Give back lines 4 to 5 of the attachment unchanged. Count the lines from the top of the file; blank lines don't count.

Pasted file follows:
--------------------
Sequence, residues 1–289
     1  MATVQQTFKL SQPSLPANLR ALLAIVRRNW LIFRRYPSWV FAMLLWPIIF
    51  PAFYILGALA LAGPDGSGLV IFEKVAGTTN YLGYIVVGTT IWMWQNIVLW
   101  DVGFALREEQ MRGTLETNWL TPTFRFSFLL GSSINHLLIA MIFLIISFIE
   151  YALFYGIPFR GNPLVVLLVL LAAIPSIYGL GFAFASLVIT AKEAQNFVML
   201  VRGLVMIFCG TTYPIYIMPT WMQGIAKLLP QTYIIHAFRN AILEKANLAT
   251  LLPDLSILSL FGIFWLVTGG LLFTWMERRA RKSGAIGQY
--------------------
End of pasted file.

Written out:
   101  DVGFALREEQ MRGTLETNWL TPTFRFSFLL GSSINHLLIA MIFLIISFIE
   151  YALFYGIPFR GNPLVVLLVL LAAIPSIYGL GFAFASLVIT AKEAQNFVML